The defendant's argument is without merit. The district court here followed established procedure for addressing allegations of juror misconduct. This court has held that "the trial court should investigate the asserted impropriety to determine initially if and what extrinsic factual matter was disclosed to the jury." Sedigh, 658 F.2d at 1014. When the allegations remain speculative, the trial court need not inquire further. Id.
The district court in this case held a hearing at which the juror's daughter and the lawyer with whom she spoke testified. The juror's daughter testified that although her father had expressed uncertainty as to whether the crime of conspiracy required that both co-conspirators be convicted, she did not express any opinion on the matter. When she asked a lawyer about it, he told her that any communication with a juror on such issues was improper, and the juror's daughter had no further contact with the juror until after the verdict was rendered. The district court found that this testimony indicated beyond a reasonable doubt that extrinsic evidence was not disclosed to the jury. Consequently, further investigation was not required. The district court acted in accordance with standard procedures and did not abuse its discretion.
It is true that if the defendant had been able to demonstrate as a threshold matter that improper communication of extrinsic information had likely occurred, further investigation might have been required. See United States v. Forrest, 620 F.2d 446, 457-58 (5th Cir.1980) (describing a two-part process under which voir dire is required upon a threshold showing of likely communication of extrinsic material). However in this case, the district court found that no extrinsic information had reached the jury. Contrary to defendant's assertions, it is not sufficient to trigger the requirement of further investigation that a juror have had contact with an outside source of information. Rather, the defendant must show "that extraneous prejudicial material had likely reached the jury." Forrest, 620 F.2d at 458. This showing was not made in the present case.
Finally, the defendant argues that several sentences in the jury instructions were misleading. The standard for their review is " 'whether the court's charge, as a whole, is a correct statement of the law and whether it clearly instructs the jurors as to the principles of law applicable to the factual issues confronting them." United States v. Stacey, 896 F.2d 75, 77 (5th Cir.1990) (citations omitted).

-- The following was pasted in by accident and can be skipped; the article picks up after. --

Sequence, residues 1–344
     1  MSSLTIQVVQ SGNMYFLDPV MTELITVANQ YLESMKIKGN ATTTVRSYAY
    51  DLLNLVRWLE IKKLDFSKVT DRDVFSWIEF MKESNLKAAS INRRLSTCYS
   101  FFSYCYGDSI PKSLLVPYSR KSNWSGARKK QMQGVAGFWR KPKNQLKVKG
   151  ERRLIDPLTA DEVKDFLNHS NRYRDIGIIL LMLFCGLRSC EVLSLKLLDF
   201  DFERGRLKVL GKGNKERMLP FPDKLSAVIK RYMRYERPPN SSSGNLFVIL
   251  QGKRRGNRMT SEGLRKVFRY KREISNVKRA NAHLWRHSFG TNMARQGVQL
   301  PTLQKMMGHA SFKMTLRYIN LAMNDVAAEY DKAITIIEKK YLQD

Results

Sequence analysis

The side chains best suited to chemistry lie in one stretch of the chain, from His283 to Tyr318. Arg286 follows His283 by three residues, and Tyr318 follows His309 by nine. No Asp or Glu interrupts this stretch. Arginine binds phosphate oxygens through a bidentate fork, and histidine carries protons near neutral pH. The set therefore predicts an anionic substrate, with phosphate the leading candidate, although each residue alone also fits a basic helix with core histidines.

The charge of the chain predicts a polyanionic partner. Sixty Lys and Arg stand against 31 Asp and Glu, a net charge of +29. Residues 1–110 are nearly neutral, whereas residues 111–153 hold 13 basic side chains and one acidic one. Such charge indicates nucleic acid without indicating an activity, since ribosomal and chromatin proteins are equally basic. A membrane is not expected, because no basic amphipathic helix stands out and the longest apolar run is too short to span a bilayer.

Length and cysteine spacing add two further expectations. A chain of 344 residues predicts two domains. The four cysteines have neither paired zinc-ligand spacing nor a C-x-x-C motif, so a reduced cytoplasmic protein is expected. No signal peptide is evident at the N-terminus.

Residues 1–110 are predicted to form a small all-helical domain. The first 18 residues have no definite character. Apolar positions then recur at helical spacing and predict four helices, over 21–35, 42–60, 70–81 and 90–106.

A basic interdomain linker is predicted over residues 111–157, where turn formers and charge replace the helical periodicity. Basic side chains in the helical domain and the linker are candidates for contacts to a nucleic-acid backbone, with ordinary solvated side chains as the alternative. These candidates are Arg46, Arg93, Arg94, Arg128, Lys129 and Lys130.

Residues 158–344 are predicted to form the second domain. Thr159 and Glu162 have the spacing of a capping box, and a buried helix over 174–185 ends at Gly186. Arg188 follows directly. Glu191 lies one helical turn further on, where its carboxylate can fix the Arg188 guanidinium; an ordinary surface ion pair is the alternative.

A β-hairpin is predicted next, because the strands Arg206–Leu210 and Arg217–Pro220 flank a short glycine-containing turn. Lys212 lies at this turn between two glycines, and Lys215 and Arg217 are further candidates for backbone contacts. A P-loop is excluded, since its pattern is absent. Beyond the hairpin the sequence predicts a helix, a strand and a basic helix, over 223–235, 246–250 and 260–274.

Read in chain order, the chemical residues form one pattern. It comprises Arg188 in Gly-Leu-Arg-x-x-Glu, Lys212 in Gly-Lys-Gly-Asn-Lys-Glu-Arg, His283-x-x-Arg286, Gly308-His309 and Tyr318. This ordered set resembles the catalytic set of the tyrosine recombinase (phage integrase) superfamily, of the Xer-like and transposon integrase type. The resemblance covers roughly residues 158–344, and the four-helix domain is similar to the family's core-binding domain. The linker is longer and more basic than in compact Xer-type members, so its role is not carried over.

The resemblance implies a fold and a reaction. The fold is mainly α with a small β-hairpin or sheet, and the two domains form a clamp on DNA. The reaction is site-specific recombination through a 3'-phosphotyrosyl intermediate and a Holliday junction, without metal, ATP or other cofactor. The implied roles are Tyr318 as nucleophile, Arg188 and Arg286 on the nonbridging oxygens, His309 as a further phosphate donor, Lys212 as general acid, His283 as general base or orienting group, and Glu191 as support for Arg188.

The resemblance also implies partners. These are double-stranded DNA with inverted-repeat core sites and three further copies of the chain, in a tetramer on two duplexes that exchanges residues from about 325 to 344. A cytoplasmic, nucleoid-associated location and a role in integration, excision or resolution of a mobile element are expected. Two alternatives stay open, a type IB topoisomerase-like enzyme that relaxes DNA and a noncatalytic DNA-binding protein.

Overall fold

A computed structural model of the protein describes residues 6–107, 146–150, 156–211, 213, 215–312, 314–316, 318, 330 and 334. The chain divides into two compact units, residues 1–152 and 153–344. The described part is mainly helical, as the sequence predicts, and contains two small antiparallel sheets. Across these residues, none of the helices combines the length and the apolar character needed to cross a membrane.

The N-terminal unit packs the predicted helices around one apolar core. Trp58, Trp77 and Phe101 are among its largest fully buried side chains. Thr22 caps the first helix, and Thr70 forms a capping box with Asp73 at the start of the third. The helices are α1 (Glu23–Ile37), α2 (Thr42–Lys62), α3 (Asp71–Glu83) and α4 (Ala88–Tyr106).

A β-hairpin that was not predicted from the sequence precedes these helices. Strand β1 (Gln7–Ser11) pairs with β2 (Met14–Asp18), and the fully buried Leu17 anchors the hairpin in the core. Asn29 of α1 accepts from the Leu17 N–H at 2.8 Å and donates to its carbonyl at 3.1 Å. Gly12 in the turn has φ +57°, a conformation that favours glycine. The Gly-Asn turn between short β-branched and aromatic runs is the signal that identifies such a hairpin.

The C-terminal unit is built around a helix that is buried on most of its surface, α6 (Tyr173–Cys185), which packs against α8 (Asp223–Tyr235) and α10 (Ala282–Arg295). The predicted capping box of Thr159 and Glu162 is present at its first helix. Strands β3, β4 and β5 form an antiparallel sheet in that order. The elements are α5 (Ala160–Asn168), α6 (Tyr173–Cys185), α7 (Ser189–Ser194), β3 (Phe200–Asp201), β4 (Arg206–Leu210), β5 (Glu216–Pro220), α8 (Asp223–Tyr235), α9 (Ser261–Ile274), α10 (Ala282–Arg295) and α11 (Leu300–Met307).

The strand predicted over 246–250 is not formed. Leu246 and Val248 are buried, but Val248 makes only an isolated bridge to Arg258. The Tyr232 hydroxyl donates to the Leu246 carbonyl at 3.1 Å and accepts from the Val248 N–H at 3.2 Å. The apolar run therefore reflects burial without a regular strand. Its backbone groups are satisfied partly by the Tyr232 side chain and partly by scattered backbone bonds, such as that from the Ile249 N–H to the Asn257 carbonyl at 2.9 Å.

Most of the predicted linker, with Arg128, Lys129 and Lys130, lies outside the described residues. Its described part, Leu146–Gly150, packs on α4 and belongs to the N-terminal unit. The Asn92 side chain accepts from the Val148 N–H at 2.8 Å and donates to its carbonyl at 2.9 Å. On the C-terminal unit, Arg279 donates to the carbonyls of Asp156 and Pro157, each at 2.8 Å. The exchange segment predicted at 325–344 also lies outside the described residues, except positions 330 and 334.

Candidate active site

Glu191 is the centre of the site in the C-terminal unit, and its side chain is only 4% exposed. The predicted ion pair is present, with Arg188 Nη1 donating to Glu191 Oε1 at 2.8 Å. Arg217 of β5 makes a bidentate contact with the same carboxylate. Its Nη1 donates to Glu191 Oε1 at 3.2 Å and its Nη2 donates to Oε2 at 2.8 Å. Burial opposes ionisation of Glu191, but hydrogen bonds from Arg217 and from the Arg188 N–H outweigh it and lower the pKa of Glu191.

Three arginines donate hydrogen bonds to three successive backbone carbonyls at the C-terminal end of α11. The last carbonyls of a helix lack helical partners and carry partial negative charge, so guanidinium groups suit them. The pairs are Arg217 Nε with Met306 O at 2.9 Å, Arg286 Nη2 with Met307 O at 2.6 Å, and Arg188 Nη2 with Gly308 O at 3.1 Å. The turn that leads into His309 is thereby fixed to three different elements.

Defendant's objections to the length and repetition in the jury instructions are without merit. Evaluated as a whole, the court's instructions stated the law.
Chief Judge of the Western District of Texas, sitting by designation
18 U.S.C. § 242 provides in relevant part that "[w]hoever, under color of any law, statute, ordinance, regulation, or custom, willfully subjects any inhabitant of any State, Territory, or District to the deprivation of any rights, privileges, or immunities, secured or protected by the Constitution or laws of the United States ... shall be fined not more than $1,000 or imprisoned not more than one year, or both." 18 U.S.C. § 241 provides in relevant part that "[i]f two or more persons conspire to injure, oppress, threaten, or intimidate any citizen in the free exercise or enjoyment of any right or privilege secured to him by the Constitution or laws of the United States ... they shall be fined not more than $10,000 or imprisoned not more than ten years, or both." Although the latter provision does not contain the words "under color of law," proof of state action is necessary whenever it is an essential element of a constitutional violation
This court recently stated that the consistency rule--"essentially giving the defendant the 'benefit' of inconsistent verdicts as to other defendants (or counts)--is of highly questionable validity in light of United States v. Powell, 469 U.S. 57, 105 S.Ct. 471, 83 L.Ed.2d 461 (1984)." United States v. Villasenor, 894 F.2d 1422, 1428 n. 6 (5th Cir.1990). Powell, while not a conspiracy case, held that verdicts should not generally be subject to challenge on the ground that they are internally inconsistent. See Powell, 469 U.S. at 65, 105 S.Ct. at 476-77 ("For us, the possibility that the inconsistent verdicts may favor the criminal defendant as well as the Government militates against review of such convictions at the defendant's behest.") Several other circuits since Powell have abandoned the consistency rule in the conspiracy context or at least expressed their disapproval of the rule. See United States v. Bucuvalas, 909 F.2d 593 (1st Cir.1990); United States v. Andrews, 850 F.2d 1557, 1560-62 (11th Cir.1988) (en banc), cert. denied, 488 U.S. 1032, 109 S.Ct. 842, 102 L.Ed.2d 974 (1989); United States v. Valles-Valencia, 823 F.2d 381, 382 (9th Cir.1987)